Hiscox’s focus on specialist areas has helped it to outperform the market
While Lloyd’s insurer Hiscox’s first-half pre-tax profit slumped 31% and its return on equity (ROE) almost halved, analysts have praised the insurer’s performance in what was a tough half for the industry. Furthermore, they believe the company’s focus on profitable niches will help it manage the price cycle better than its peers as rates soften.
Like its peers, Hiscox was hit by catastrophe losses in the first half of the year. It expects £100m in losses from the Chilean earthquake and Windstorm Xynthia combined, and estimates that its bill from the Deepwater Horizon explosion to come in below £10m. But the firm still managed to beat some analysts’ expectations.
Analyst with Oriel Securities, Thomas Dorner, was particularly impressed with Hiscox’s 7% growth in net tangible assets a share, which he deems an important measure of shareholder value creation.
“I was surprised that in the face of what was a poor first half for just about everyone, Hiscox grew net tangible assets per share by more than any of the companies that have reported so far in the UK.”
Numbers look good
Hiscox’s first-half 2010 combined ratio, excluding positive foreign exchange effects, was 94.8%, compared with 87.8% in the same period, while its investment return was 1.7%, or 3.5% on an annualised basis.
“It was a very good set of numbers in the circumstances,” Dorner said. “The underwriting result was good but so was the investment return, so it was a decent performance across the board. All things considered, given where interest rates are, Hiscox has done a very good job of sustaining a good investment return in a very low interest rate environment.”
Even though Hiscox’s first-half 2010 ROE of 14.8% was well below the 27.5% reported for the comparable period for 2009, it still impressed analysts. “Their return on equity generation was good – better than Amlin’s,” analyst at stockbroker Jefferies, Nick Pope, said.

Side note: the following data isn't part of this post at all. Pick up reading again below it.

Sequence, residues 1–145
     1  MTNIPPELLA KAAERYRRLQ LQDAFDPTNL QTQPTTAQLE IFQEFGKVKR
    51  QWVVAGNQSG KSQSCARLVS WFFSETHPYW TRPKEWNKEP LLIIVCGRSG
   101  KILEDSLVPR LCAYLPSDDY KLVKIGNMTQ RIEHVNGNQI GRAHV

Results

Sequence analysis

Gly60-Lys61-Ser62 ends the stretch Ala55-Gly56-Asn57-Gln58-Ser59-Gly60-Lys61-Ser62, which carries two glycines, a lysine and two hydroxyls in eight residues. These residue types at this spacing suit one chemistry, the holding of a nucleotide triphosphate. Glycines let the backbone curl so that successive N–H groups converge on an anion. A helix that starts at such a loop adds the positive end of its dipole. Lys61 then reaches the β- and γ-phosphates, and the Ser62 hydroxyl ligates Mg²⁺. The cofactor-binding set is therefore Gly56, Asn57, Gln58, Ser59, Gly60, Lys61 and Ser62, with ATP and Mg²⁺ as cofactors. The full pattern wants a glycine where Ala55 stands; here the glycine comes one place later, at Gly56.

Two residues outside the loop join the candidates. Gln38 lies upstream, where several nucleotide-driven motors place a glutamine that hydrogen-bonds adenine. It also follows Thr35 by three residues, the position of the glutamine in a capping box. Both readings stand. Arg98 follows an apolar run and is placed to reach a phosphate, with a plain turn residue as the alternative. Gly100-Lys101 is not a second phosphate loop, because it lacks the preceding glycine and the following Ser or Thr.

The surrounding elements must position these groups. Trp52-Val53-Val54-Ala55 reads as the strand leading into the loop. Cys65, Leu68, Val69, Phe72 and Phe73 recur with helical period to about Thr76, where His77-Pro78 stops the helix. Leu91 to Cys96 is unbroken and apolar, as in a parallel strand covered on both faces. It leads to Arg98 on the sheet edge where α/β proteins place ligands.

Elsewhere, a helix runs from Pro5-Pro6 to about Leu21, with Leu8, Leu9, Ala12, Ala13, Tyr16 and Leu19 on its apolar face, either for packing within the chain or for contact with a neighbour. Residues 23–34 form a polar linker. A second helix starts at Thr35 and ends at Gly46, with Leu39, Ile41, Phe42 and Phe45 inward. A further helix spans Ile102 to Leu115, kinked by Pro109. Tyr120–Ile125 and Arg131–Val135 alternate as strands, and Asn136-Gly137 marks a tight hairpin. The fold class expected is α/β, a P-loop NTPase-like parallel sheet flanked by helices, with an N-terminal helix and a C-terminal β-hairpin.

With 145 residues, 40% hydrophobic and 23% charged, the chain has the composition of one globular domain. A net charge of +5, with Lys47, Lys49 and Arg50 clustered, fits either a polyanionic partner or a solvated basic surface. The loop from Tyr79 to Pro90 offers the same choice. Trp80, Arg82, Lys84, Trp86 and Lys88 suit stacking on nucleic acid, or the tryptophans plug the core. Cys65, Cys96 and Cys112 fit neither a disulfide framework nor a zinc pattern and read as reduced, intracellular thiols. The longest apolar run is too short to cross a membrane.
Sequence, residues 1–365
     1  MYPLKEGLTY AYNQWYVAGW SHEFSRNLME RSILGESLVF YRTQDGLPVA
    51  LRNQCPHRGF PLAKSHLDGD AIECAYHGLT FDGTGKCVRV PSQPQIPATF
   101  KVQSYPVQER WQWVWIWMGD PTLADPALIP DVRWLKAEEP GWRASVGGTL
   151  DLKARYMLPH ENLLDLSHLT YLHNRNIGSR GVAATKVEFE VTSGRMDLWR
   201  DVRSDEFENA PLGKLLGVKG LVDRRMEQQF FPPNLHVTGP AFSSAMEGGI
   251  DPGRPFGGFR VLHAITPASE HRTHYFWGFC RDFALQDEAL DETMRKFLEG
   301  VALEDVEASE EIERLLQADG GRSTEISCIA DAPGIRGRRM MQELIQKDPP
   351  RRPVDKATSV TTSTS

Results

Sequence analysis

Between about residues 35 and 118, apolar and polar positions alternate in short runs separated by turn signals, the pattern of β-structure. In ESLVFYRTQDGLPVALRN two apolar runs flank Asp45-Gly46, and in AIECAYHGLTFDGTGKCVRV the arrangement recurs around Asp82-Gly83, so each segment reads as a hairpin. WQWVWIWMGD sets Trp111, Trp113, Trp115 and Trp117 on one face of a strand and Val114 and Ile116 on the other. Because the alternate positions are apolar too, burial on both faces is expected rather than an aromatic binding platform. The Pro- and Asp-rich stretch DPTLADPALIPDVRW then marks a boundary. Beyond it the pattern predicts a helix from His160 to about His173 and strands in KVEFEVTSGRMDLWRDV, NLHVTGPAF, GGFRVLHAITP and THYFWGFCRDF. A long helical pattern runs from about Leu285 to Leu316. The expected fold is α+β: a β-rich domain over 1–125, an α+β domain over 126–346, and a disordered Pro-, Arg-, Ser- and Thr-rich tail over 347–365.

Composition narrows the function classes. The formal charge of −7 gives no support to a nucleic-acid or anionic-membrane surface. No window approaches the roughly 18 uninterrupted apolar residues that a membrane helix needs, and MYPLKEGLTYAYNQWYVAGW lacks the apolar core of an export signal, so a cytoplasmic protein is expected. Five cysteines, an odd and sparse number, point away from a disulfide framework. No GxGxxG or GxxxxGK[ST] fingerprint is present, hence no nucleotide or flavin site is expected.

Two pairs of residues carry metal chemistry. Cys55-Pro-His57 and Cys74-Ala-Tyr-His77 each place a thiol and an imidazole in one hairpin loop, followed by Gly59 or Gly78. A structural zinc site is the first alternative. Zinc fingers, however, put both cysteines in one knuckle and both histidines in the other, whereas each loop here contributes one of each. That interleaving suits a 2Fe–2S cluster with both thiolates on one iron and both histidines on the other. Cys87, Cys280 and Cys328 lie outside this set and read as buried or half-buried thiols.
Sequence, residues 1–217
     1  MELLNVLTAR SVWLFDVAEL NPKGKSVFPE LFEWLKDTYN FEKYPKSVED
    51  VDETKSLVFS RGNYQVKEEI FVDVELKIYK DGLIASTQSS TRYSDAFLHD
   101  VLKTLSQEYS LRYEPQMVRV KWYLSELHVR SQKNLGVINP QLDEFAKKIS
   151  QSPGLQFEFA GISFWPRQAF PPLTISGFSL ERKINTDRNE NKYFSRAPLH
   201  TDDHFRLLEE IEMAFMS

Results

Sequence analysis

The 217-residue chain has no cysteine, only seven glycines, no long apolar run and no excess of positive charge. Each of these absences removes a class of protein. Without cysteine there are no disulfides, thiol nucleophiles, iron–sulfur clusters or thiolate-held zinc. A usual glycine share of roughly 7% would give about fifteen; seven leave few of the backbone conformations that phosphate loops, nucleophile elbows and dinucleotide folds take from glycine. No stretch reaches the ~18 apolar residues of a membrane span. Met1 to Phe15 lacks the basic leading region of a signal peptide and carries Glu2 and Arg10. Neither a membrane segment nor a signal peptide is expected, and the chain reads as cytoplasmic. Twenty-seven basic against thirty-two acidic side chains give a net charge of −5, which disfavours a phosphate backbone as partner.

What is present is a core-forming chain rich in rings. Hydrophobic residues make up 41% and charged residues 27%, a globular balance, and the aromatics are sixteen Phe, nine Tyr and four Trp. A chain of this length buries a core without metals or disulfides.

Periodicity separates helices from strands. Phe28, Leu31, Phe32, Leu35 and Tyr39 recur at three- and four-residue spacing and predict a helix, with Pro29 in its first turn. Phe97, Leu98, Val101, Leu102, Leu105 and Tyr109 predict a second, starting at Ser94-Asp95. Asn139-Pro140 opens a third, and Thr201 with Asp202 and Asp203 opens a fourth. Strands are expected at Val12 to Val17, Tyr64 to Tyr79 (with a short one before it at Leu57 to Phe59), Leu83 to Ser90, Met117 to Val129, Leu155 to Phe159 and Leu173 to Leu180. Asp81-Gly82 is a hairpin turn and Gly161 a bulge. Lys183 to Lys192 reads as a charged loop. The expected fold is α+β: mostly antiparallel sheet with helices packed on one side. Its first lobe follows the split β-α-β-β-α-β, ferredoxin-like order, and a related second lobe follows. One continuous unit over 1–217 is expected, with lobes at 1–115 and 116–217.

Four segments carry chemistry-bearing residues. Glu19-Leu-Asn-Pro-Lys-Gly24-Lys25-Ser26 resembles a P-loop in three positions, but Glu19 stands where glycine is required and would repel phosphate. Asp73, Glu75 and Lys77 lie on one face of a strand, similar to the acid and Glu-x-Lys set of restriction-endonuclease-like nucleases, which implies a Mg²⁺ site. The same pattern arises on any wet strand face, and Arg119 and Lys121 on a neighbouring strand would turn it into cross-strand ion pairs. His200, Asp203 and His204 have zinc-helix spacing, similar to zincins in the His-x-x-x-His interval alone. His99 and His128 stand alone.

Amlin, which reported its first-half results on the same day, posted an annualised ROE of 10.6%.
Analysts are also upbeat about Hiscox’s ability to manage through the current period of softening rates, thanks to its risk selection. “Hiscox operate in a lot of speciality classes, which they dominate, and that is quite a large part of its business. They tend to be more stable than some of the other Lloyd’s insurers,” Pope said. “They will be less heavily impacted by falling rates because they effectively control the classes they operate in, giving them greater control over rates.”
Dorner points to Hiscox’s generally flat gross written premium of £904m versus £906m, driven by reduction in some areas and expansion in others, as evidence of Hiscox’s ability to manage the cycle. For example, Hiscox cut gross written premium in its London market division by 15% to £383m, while boosting its UK and Europe premiums by nearly 12% to £248m.
“Hiscox is growing in areas where the pricing pressure isn’t as severe and contracting in those areas where it thinks pricing will continue to come under pressure,” Dorner said. “That is exactly what you should be doing if you are a disciplined underwriter.”
Share price stuck
But the future is not all bright for Hiscox. As with other groups that write insurance and reinsurance business in the USA, much depends on what the North Atlantic hurricane season, which runs from June to November, and where windstorm activity usually picks up in September.
In addition, there may be little further upside in Hiscox’s share price. Pope points out that Hiscox’s shares are currently trading at 1.1 times the company’s tangible book value. "I think they are fairly fully valued at that level, and while it was a pretty decent set of results, I struggle to see a catalyst to really get the shares going for the rest of the year,” he said.
This will do little to please Hiscox chairman Robert Hiscox, who described the 1.1 times premium to book value as a “bloody low valuation for a company with a global franchise."
Read our story: Hiscox chairman comes out fighting as profits fall 31%.